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Indigo Road, Neighborhood Dining Group, carriage operators lay off nearly 1,600 workers amid COVID-19 closures

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The coronavirus pandemic is starting to claim jobs in the Charleston hospitality industry, with two large restaurant operators and a trio of carriage-tour companies planning to lay off a combined 1,600 workers as they hunker down to weather the global health crisis.

The Indigo Road, one of Charleston’s most celebrated and influential dining groups, this week is laying off 940 employees following the mandated closure of restaurants across the South in hopes of controlling the outbreak.

"I've been through downturns, but in 14 days we’ve gone to zero revenue," said managing partner Steve Palmer, whose portfolio includes two dozen restaurants in four states and the District of Columbia.

In Charleston, The Indigo Road operates Oak Steakhouse, The Macintosh and Indaco, among other establishments.

Neighborhood Dining Group on Tuesday also announced widespread layoffs. The Charleston company behind Husk, Minero and Delaney Oyster House will pay its 500 employees through March 29 and offer health benefits through April 30.

According to a letter released by NDG president David Howard, the restaurant group will "re-evaluate this evolving situation at the end of April."

At Indigo Road, general managers and executive chefs will remain on the payroll for as long as the company can support them, but at reduced salaries.

"We think we have enough money to get through the next three months," Palmer said.

At each restaurant, the two remaining employees will have the option of offering diners takeout service, which remains permissible in South Carolina under the current executive order, but the company isn't requiring it.

"None of us really believe $500 a day is going to move the needle," said Palmer, who added he has already alerted his King Street landlords that he is putting off paying rent in order to cut final checks for his hourly wage employees.

By formally laying off employees, The Indigo Road is hoping to help them qualify for unemployment benefits. But Palmer stressed that he hopes to reopen restaurants and hire them back. During the closure, he will hold a Friday afternoon call-in meeting with affected workers.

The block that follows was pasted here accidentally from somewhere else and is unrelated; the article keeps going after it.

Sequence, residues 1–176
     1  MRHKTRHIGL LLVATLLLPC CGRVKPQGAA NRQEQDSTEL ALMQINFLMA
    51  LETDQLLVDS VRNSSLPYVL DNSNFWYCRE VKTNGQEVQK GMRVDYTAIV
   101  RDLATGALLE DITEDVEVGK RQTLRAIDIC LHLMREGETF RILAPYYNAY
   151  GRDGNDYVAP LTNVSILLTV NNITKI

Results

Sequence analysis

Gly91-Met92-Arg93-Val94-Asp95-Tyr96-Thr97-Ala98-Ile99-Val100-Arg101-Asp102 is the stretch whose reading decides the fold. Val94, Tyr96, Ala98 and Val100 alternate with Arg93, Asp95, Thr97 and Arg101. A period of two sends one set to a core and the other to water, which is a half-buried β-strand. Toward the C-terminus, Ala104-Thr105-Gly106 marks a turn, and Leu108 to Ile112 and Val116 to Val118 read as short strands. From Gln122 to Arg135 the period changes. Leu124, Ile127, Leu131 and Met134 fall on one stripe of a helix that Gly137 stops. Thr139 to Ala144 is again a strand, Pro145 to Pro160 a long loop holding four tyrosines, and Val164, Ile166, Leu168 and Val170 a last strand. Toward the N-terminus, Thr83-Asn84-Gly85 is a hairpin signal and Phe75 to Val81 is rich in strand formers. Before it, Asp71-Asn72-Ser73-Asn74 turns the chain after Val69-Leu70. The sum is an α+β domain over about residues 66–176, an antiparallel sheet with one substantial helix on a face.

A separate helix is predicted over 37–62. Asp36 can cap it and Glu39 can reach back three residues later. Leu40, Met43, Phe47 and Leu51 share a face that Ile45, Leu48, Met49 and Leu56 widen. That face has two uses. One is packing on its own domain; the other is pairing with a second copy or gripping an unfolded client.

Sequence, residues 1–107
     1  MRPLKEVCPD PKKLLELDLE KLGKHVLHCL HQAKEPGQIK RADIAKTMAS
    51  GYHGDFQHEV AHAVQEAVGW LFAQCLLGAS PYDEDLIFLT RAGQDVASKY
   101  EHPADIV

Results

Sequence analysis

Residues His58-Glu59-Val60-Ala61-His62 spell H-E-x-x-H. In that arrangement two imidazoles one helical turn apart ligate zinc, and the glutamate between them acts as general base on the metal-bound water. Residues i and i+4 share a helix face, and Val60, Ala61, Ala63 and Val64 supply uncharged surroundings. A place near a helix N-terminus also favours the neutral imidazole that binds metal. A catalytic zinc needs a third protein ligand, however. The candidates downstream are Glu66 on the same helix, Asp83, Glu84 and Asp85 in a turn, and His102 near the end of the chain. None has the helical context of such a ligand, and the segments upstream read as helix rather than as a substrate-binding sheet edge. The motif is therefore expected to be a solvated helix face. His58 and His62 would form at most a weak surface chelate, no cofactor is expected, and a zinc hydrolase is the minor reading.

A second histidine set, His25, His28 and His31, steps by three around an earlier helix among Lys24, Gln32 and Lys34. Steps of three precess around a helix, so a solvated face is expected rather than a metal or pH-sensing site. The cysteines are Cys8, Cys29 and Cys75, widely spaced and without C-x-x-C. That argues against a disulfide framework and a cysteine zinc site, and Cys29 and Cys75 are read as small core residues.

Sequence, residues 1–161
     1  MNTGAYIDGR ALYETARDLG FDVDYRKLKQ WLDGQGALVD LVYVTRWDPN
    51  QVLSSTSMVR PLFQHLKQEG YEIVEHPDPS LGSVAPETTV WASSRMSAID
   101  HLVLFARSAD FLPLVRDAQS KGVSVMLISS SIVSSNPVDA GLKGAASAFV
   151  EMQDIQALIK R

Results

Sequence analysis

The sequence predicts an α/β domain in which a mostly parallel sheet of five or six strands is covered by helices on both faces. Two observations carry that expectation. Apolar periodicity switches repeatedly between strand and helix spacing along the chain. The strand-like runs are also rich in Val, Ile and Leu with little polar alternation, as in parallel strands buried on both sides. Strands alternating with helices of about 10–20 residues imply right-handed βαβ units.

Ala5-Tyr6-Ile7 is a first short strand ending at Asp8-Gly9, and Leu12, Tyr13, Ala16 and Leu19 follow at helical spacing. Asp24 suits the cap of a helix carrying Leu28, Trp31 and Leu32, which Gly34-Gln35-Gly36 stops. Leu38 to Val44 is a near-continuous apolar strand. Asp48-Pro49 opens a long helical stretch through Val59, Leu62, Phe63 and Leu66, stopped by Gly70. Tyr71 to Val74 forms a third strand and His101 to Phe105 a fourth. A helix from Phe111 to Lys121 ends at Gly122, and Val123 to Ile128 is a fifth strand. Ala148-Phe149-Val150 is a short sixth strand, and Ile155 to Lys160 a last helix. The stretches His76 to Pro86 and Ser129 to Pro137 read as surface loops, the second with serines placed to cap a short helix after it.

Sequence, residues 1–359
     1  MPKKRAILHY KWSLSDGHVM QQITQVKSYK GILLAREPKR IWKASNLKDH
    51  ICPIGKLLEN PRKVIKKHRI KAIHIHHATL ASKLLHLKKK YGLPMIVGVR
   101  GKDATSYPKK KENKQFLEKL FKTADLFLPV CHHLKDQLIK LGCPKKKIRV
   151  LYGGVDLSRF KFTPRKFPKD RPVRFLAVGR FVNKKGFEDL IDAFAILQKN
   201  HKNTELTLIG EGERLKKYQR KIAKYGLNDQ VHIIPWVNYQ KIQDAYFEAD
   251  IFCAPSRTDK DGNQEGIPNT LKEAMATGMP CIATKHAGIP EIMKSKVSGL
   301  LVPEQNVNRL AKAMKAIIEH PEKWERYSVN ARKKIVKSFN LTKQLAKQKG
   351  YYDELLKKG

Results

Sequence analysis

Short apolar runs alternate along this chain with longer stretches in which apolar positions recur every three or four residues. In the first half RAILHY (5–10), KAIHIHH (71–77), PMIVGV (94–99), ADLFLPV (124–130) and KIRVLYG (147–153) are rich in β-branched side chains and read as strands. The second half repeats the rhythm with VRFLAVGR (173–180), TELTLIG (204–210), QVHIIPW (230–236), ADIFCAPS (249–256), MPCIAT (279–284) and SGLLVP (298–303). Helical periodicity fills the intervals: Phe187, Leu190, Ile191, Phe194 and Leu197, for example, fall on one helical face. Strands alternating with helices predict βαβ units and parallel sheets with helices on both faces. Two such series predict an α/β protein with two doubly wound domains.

"We’re doing the best we can," he says.

Palmer, who was named a semifinalist for The James Beard Foundation’s award for "Outstanding Restaurateur" earlier this year, is hopeful the federal government will offer a financial aid package that will allow restaurants to get back in business immediately after the crisis passes.

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On Tuesday, he was one of four downtown Charleston restaurateurs on a call with U.S. Sen. Tim Scott, R-S.C., who reportedly assured them that the government is working to funnel billions of dollars in loans through their existing banks.

Local restaurant owners also on Tuesday called upon the city and state officials for sales, liquor and hospitality tax relief.

The early round of local layoffs extended beyond the food-and-beverage industry to three Charleston carriage tour companies that announced Tuesday they would suspend operations indefinitely.

Charleston C.A.R.E.S., a joint organization formed by the companies — Charleston Carriage Works, Palmetto Carriage Works and Old South Carriage Co. — said in a statement Tuesday that they called off tours because of safety concerns.

Unlike walking tours, the seated carriage tours don't allow for the so-called social distancing that public health professionals and local officials have urged.

Tyler Jones, a spokesperson for Charleston C.A.R.E.S., said Tuesday they didn't have an exact figure for how many employees would be laid off but said it would be "well over 100."

The tour companies had just recently brought on new employees, anticipating the influx of tourists that typically flood Charleston in the spring.

They plan to rehire "as many people as they can" once the businesses are able to reopen again, according to a statement from the group.

“We are hoping that by taking this step we are actively participating in shortening the time frame of these closures for the betterment of everyone,” said Charleston Carriage Works owner Broderick Christoff.

All of the companies have taken measures to ensure that horses are taken care of during the closures, according to the statement.

“Carriage operators have high fixed expenses," Christoff said. "I hope people understand that every closed business, including the carriage industry, is under great stress that exponentially increases with the duration of any closure."

The carriage tour operators have not set a date for when tours will resume.

Emily Williams is a business reporter at The Post and Courier, covering tourism and aerospace. She also writes the Business Headlines newsletter and co-hosts the weekly news podcast Understand SC.

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